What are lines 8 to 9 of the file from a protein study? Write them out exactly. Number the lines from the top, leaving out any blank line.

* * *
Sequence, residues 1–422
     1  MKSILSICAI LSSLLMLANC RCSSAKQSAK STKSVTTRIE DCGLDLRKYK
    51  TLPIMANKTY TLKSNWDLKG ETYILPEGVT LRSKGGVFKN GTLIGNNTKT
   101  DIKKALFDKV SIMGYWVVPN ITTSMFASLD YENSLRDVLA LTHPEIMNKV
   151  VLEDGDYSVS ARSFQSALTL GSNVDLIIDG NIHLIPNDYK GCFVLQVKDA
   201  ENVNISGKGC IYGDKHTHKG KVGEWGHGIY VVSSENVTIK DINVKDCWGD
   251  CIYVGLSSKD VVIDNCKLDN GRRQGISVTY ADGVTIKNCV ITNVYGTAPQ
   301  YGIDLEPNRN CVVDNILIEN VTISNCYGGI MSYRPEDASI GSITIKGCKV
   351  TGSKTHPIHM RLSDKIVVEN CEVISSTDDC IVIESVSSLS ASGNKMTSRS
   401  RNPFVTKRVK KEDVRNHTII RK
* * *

   301  YGIDLEPNRN CVVDNILIEN VTISNCYGGI MSYRPEDASI GSITIKGCKV
   351  TGSKTHPIHM RLSDKIVVEN CEVISSTDDC IVIESVSSLS ASGNKMTSRS